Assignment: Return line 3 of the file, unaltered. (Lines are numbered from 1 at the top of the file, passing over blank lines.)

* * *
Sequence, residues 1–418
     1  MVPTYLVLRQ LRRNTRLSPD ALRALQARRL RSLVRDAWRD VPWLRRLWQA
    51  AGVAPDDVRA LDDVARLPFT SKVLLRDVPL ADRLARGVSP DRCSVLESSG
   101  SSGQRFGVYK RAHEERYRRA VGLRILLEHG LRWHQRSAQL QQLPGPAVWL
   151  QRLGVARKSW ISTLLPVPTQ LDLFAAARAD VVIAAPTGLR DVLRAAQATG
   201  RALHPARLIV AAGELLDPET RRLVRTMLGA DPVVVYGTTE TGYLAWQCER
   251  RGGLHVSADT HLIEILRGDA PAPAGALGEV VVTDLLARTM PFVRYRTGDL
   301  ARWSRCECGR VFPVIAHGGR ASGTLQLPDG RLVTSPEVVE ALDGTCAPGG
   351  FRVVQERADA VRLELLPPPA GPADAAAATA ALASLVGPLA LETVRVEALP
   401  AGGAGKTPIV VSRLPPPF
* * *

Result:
    51  AGVAPDDVRA LDDVARLPFT SKVLLRDVPL ADRLARGVSP DRCSVLESSG